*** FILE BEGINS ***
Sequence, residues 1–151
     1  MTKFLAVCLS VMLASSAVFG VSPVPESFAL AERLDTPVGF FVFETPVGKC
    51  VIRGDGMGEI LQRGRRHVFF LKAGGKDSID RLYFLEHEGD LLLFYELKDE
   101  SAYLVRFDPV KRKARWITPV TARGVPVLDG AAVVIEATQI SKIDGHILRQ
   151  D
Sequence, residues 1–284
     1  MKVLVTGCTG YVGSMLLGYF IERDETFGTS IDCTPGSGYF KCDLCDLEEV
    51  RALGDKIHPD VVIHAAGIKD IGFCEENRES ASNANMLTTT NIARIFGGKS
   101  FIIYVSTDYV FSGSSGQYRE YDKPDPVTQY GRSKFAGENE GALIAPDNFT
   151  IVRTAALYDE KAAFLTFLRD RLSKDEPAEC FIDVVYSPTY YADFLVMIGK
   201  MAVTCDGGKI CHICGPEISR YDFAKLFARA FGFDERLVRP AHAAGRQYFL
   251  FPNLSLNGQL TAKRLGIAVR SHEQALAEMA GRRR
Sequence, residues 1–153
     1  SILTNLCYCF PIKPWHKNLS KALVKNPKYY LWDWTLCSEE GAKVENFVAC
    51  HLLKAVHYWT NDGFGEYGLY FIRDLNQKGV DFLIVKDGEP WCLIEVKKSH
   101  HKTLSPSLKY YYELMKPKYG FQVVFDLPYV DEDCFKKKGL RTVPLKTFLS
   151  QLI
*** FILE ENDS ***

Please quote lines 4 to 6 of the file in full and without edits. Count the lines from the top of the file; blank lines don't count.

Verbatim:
   101  SAYLVRFDPV KRKARWITPV TARGVPVLDG AAVVIEATQI SKIDGHILRQ
   151  D
Sequence, residues 1–284